The state would allocate up to $300 million in cash reserves and gasoline tax revenue over seven years to fund a transportation infrastructure bank under a bill heard by the Appropriations Committee Feb. 16.
LB960, introduced by Sen. Jim Smith of Papillion at the request of Gov. Pete Ricketts, would create an infrastructure bank composed of three programs overseen by the state Department of Roads. The first would accelerate capital improvement projects, including the state’s expressway system and other high-priority roads projects. Another program would provide funds to repair and replace deficient county bridges and the third would finance improvements to the state’s transportation infrastructure that would support new and expanding businesses.
The bill also would authorize the department to hire a construction manager who would advise the department on project scheduling and to enter into contracts in which a single contractor designs and builds a project.
The infrastructure bank would be funded with $150 million from the state’s cash reserve and up to $150 million of state motor fuel tax for seven years, beginning on July 1, 2016. The state would transfer $16 million to the department in fiscal year 2016-17 and $28 million in FY2017-18. Any funds remaining in the bank on June 30, 2033, would be transferred to the road operations fund.
Smith said the department’s current level of funding cannot support significant new construction. Approximately $600 million in expressway projects remain unfunded, he said, and it would cost another $800 million to bring the state’s county bridges up to standard. He said the infrastructure bank would supplement a 2011 appropriation to fund surface transportation and a law passed last year that raised the state’s gasoline tax by 6 cents per gallon.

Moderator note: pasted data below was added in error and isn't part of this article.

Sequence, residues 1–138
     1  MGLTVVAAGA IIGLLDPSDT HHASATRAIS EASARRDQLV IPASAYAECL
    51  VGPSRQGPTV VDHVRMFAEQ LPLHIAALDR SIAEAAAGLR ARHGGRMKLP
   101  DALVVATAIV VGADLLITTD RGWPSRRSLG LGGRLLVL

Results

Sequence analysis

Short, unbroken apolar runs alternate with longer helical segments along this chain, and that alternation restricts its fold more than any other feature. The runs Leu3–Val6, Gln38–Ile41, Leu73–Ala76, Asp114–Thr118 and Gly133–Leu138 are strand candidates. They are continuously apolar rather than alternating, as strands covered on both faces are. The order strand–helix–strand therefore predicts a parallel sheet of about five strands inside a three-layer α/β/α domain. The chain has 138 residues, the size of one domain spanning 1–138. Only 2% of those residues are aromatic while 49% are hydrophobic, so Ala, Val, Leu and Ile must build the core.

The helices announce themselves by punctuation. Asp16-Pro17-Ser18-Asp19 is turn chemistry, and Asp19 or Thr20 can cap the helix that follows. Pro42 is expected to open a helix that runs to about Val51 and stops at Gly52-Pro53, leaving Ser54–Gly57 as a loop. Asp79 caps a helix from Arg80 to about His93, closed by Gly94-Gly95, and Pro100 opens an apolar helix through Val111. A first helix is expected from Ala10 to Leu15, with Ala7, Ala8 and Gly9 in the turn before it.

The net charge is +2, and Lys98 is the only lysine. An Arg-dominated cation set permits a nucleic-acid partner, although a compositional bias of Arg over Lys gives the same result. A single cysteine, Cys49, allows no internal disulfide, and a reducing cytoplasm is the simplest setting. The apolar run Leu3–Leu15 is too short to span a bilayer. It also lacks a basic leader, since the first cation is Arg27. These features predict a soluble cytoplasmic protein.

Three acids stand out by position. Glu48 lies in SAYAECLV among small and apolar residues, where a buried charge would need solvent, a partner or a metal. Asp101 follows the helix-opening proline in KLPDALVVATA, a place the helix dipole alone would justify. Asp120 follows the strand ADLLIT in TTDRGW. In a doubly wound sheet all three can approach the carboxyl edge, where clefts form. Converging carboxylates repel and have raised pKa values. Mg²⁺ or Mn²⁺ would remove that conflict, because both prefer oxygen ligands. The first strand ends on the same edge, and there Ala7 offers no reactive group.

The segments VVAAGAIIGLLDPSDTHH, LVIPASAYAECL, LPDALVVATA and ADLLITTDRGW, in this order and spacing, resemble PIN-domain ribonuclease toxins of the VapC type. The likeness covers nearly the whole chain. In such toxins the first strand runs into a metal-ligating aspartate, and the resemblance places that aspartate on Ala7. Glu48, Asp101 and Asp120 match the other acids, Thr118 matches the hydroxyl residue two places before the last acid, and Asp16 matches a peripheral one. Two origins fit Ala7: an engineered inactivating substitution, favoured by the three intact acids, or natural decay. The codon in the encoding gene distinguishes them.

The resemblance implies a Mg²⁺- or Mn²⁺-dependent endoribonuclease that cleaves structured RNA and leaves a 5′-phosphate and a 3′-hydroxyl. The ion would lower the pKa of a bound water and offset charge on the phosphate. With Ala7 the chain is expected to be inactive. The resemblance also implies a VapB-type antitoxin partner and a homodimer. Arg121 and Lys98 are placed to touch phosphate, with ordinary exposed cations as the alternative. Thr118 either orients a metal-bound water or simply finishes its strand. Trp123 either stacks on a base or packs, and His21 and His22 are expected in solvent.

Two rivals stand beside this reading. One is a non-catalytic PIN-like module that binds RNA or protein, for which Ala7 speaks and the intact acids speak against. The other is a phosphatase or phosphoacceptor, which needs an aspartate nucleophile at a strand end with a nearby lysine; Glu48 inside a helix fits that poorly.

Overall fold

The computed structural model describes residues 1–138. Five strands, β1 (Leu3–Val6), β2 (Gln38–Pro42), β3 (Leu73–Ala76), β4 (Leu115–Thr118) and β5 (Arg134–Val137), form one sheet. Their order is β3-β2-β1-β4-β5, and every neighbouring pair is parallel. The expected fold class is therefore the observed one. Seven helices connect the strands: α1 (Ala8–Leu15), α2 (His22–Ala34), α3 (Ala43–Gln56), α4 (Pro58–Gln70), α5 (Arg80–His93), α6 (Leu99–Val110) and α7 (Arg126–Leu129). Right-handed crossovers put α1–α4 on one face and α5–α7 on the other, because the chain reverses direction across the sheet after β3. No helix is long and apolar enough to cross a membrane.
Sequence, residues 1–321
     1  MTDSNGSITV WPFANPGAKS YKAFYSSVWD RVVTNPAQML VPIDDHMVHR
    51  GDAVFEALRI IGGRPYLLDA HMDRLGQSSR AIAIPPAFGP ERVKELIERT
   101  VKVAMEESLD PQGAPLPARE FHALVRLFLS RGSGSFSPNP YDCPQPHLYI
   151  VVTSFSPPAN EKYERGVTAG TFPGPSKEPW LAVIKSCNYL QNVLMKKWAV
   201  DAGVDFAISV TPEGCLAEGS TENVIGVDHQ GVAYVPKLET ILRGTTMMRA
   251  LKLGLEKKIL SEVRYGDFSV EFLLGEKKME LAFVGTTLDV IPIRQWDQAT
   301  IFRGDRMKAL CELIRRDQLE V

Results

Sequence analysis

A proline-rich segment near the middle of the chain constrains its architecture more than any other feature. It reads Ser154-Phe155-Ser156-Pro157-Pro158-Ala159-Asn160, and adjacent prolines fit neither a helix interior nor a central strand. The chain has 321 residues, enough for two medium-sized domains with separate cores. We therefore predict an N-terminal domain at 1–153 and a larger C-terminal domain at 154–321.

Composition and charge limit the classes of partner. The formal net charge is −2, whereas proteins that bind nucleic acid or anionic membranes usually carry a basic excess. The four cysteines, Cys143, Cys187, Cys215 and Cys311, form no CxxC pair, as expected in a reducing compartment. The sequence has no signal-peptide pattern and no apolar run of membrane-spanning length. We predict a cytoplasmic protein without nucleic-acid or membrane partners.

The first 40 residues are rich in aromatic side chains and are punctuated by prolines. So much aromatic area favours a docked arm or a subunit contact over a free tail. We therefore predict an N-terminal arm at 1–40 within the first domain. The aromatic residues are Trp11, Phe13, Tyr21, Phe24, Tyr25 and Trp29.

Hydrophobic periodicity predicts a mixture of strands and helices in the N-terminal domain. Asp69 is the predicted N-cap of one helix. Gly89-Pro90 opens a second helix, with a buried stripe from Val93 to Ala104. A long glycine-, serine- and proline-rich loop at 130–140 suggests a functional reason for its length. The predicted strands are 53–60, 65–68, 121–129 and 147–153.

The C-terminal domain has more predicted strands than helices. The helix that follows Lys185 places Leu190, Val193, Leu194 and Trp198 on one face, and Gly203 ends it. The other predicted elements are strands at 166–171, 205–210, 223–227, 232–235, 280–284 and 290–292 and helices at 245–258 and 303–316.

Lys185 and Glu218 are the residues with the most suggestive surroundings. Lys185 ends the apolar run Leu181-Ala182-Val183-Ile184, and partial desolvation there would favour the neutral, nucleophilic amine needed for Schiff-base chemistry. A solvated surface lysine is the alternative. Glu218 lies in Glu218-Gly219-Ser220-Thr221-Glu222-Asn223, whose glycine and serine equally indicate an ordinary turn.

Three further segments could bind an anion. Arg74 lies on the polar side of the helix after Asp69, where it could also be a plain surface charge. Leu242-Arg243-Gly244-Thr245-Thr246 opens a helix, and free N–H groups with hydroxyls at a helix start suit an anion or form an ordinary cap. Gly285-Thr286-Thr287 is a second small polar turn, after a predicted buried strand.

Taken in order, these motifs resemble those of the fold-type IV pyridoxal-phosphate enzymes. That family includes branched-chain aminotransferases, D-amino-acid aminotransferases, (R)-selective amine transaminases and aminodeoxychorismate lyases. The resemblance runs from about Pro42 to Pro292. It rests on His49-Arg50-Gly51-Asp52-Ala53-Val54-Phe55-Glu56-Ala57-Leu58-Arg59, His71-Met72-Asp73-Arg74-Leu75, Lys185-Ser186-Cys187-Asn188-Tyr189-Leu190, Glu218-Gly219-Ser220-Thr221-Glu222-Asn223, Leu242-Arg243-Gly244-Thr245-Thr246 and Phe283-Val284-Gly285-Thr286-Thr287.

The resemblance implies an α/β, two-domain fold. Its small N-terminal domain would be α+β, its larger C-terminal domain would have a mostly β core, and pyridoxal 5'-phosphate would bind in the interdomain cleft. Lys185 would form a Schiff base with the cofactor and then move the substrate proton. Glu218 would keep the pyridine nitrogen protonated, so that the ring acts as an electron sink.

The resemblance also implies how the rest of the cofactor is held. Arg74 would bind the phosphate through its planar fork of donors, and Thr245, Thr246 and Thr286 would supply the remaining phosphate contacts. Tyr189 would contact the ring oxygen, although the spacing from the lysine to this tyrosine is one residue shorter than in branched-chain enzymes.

“It’s a necessary step if we want to pull our state out of the rut our critical transportation infrastructure has fallen into due to many, many years of neglect and inaction,” he said.
Kyle Schneweis, director of the state Department of Roads, spoke in support of the bill. He said the bulk of the funds would be used to finish long-awaited projects like the state’s expressway system, as well as interchanges and railroad overpasses. Using design-build contracts could save two to four years on large, complex projects like those, Schneweis said.
“All the money in the world will not help us deliver projects tomorrow,” he said. “Projects take time to develop, and in the past in Nebraska they’ve taken too long to develop.”
Rick Kuckkahn, Scottsbluff city manager, testified in support of the bill. Speaking on behalf of the city and the League of Nebraska Municipalities, he said completing Nebraska’s expressway system would benefit agriculture and tourism, two of the state’s most important industries. He said a more modern transportation network also would help cities in western Nebraska better compete with Colorado, Wyoming and South Dakota when trying to attract new businesses.
“We have lots of opportunity for more growth and development facilitated by faster completion of our expressway system,” Kuckkahn said.
Dirk Petersen, vice president and general manager of Nucor Steel in Norfolk, also spoke in support of the bill. Speaking on behalf of 4 Lanes 4 Nebraska and the Nebraska Chamber of Commerce, he said completing the state’s expressways would create jobs, add billions of dollars to the state’s gross domestic product and improve public safety.
Petersen said that without the promise of a four-lane highway connecting Norfolk to the interstate system, the city could not recently have attracted a pipe manufacturer that will build a $130 million facility there, creating 200 jobs and generating $20 million in property tax revenue.
“It’s hard to know just how many opportunities and how many jobs Nebraska has lost because we haven’t put the right infrastructure in place,” he said.
Pam Dingman, Lancaster County engineer, testified in a neutral capacity. She said the county’s infrastructure needs are stark—more than 90 of the county’s bridges are more than 50 years old. Projects meant to fund bridge repair already exist and the proposed design-build contracts can be more expensive than traditional contracting methods on smaller projects, she said.
No one testified in opposition to the bill and the committee took no immediate action on it.